But as soon as she was gone, they returned to glower at him.
Jullien let out a tired sigh. “Do I really have to kick your asses my first day here?”
“Lev,” the female owner said in warning. “No fire in my restaurant.”
“Don’t worry, Petya. I don’t need it to teach this piece of human waste a lesson.”
“Ass-kicking it is.” Jullien stood slowly. “Last chance to walk out of here on your own.”
Lev hesitated as he realized that Jullien was taller than he’d assumed.
For some reason, no one seemed to appreciate his size. He’d never understood why that was. He towered over most beings and yet they didn’t seem to comprehend that fact until it was too late.
Refusing to back down and lose face with his crew, Lev reached for him.
In one fluid movement, Jullien caught him in the solar plexus, which would preclude him from making fire. Then he punched him in the throat. Catching him, he spun and set Lev into the booth before going after the next one.
Jullien punched and caught him fast, dropping him straight to the floor. When he went for the third, that one wisely stepped back and held his hands up.
“I’m got no problem with you, brother.”
Jullien cast his gaze around to make sure there were no other threats.
Misha and Petya stared at him, slack-jawed.
“You said you didn’t want a mess in your place.”
Petya inclined her head to him. “Appreciate it.”
Jullien pulled out his wallet and left half his money, hoping the tip would cover the inconvenience. Keeping his back away from the third crewman, he made his way from the restaurant and hoped that he hadn’t just signed his own death warrant with that outburst.
If he had . . .
His grandmother would be celebrating over his corpse tonight.
As he headed for his new job, he caught a glimpse of his reflection in the store windows and winced.
No wonder they’d attacked him. He looked like the worst sort of vagrant dog. Yeah, he was clean. But ragged as hell. Baggy clothes. Second-hand, stained coat that had been patched and repatched to the point he looked like he should be huddled over a flaming barrel with a bottle of hooch near some abandoned factory somewhere. Boots that were held together with electrical tape. He looked down at his bruised hands and torn claws.
You’re disgusting! A disgrace to the entire lineage of eton Anatole! No wonder your mother won’t come out of her room. Who can blame her? I wouldn’t sober up either if I had to face you as my son!
It wouldn’t have burned nearly as much had it not been the truth.
Pushing his aunt’s harsh criticisms away, he turned the collar of his ragged coat up and headed toward the hangar for work.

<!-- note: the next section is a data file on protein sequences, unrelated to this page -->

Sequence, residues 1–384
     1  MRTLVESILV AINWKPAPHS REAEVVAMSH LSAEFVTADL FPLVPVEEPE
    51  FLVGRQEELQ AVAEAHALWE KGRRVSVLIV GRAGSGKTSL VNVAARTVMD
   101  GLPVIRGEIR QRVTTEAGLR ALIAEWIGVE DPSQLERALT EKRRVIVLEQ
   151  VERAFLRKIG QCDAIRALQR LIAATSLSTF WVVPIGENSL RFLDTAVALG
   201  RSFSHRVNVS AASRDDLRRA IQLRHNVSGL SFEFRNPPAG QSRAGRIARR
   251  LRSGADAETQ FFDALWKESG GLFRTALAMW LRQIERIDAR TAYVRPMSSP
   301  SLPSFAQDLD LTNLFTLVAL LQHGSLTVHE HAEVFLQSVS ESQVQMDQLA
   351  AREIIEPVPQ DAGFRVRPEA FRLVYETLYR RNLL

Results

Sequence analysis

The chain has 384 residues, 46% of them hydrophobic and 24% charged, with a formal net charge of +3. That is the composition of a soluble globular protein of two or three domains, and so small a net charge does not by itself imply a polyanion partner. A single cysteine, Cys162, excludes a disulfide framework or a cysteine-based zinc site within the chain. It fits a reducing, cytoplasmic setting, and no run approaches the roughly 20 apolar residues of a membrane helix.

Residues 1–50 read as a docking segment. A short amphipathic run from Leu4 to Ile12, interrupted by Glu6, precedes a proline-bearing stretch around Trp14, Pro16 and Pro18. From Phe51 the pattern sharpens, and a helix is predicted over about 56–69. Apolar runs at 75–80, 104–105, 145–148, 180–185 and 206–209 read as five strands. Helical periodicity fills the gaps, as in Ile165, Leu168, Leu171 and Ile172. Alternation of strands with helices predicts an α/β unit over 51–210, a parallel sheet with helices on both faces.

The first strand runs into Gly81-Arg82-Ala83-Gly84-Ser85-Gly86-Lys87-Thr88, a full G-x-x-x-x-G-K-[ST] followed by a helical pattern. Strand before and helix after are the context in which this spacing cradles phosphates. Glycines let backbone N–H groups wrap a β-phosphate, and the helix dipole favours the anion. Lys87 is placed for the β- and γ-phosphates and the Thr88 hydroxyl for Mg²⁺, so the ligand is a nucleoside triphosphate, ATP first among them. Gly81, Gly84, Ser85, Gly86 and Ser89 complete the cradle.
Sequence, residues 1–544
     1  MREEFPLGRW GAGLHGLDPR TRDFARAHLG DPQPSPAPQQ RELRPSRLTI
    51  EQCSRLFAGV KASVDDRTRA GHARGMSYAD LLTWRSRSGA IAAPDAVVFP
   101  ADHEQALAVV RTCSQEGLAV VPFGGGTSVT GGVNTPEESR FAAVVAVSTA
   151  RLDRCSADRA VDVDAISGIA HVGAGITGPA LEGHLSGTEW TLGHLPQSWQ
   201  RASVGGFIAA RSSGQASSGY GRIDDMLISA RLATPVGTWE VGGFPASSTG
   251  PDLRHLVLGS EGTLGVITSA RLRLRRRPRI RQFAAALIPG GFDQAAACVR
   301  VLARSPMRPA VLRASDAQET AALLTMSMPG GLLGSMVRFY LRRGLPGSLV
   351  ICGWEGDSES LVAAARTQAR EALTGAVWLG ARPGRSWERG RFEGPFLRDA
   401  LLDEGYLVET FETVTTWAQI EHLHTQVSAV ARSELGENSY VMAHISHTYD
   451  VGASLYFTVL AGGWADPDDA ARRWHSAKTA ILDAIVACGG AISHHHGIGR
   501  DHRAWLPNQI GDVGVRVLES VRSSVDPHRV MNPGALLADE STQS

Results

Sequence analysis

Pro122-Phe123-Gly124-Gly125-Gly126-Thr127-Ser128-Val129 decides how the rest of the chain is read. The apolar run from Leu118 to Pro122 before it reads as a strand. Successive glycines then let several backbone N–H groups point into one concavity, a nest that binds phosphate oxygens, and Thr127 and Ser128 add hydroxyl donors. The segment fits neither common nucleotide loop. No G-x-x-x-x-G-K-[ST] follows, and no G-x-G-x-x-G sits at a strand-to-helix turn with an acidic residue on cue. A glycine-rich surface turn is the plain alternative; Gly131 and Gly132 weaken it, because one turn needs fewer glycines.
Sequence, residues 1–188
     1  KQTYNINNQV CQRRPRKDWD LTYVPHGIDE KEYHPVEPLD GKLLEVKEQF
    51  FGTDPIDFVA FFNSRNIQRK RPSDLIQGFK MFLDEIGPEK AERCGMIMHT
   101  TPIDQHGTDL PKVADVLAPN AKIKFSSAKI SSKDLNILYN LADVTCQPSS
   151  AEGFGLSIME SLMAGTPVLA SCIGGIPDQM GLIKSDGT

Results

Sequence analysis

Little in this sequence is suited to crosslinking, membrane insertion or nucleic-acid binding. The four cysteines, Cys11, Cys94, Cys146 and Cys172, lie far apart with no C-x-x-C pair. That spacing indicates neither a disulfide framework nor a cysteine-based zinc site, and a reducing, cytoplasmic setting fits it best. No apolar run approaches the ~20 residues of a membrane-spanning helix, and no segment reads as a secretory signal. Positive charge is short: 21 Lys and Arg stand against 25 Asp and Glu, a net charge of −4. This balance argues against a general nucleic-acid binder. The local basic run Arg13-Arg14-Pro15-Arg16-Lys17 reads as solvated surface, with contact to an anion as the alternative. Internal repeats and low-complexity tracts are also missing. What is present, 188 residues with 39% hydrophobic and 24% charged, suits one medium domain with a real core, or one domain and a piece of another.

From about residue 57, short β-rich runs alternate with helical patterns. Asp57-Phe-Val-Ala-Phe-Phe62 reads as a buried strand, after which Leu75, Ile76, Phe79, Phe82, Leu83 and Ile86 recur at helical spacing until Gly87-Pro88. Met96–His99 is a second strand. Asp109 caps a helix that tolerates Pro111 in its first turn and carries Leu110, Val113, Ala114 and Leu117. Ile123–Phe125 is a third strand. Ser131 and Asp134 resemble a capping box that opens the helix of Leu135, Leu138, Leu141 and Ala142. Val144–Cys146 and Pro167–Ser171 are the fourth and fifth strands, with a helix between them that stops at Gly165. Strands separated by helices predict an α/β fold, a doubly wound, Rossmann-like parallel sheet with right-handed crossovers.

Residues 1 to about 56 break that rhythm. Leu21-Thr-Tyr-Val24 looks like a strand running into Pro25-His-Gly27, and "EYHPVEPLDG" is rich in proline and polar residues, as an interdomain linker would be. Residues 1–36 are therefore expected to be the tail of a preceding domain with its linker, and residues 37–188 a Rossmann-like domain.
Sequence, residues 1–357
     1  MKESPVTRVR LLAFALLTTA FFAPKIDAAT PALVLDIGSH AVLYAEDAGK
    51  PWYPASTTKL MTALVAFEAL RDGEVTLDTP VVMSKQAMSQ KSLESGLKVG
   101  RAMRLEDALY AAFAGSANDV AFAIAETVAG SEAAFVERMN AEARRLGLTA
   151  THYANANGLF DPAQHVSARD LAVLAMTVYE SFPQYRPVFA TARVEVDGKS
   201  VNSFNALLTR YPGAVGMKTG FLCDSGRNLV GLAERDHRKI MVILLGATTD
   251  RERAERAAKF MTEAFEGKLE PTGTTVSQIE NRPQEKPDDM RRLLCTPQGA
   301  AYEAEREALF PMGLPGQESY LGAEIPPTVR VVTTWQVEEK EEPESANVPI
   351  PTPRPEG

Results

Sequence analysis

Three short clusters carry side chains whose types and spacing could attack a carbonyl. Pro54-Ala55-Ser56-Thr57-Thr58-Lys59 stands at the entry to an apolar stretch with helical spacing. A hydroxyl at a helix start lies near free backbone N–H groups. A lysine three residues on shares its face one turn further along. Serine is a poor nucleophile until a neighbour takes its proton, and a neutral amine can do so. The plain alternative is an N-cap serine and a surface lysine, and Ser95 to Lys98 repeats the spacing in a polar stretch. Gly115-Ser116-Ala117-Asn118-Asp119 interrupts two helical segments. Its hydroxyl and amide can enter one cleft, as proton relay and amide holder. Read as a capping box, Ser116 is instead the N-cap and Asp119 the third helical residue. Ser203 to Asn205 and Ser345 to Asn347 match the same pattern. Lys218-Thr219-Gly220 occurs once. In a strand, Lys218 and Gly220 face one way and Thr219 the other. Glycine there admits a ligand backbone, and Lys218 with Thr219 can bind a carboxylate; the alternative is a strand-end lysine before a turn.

When he went inside the office, he caught the clerk’s sneer of revulsion, until she focused on his face. Then her look turned a bit more welcoming. “Can I help you?”
“Gunnar told me to report for work this morning.”
“Oh . . . you must be Dagger. Hold a minute.” She got up and went to another office.
When she returned, she was leading a blond male who slowed his walk as he focused on Jullien’s form. He raked a calculating stare from the tips of Jullien’s scuffed boots to the top of his head. “I was told to make sure and give you a thorough introduction of how we do things. Gunnar said that you knew about ships?”
“How much you know about Tavali?”
“General information. Nothing specific.”
“If you’ll follow me . . . I’ll show you where you can change into work overalls and store your gear.”
Jullien headed into the back with him. As he started to remove his blaster, a bad feeling went through him. Honestly? He’d rather give up a testicle than his weaponry. Testicles he could live without.
Weapons . . .
You’re being paranoid.
“You can’t work in the bay armed. It’s against all regulations.”
Yeah, that was what he figured. Still . . .
Jullien placed his holster and weapons in the locker and followed his manager to the hangar. “Are you the OOD?”
“Yeah. And let me give you a quick tutorial on Tavalian culture and how things work around here. See this . . .” He pointed to his sleeve where the Tavali wore their national flags, individual Canting and ranks. “Designates the Nation we fly for. The solid black flag with the screaming skull is for the True Black Flag Nation, Gorturnum. That’s us. We were the first of the Tavali Nations ever created. The patch under it is my personal Canting, then my rank. These three things mean that I’m a Tavali citizen with rights in this Nation. Notice you don’t have any Canting, flag or rank.”
“Yeah. I know.”
“No, I don’t think you do. See, what that blank sleeve on your arm means is that you are a slag. Without rank or citizenship. You’re not even a cock. So you don’t speak to Tavali unless we speak to you. You don’t count in our world, and you don’t exist. You’re a ghost here with no voice and no rights.”
Jullien froze as he saw a group of Tavali moving in to form a circle around him.
“You damn sure don’t dine with one of our admirals like you hold rank. You don’t even look at our females.”
“Yeah,” another Tavali said behind him. “And you damn sure don’t attack a commander, slag. Because you attack one of us. You attack us all. That’s what being Tavali means.”
“And you ain’t Tavali, dog.”
Jullien silently winced as he mentally did the math in his head. Not that he needed to. One to twenty . . .
This would hurt if they were planning to do it barehanded. The fact they were picking up tools for his beating . . .
He swept his gaze around the group and smiled at them. “Well hell, boys. If I’d known you were throwing me a welcome party, I’d have brought some beer.”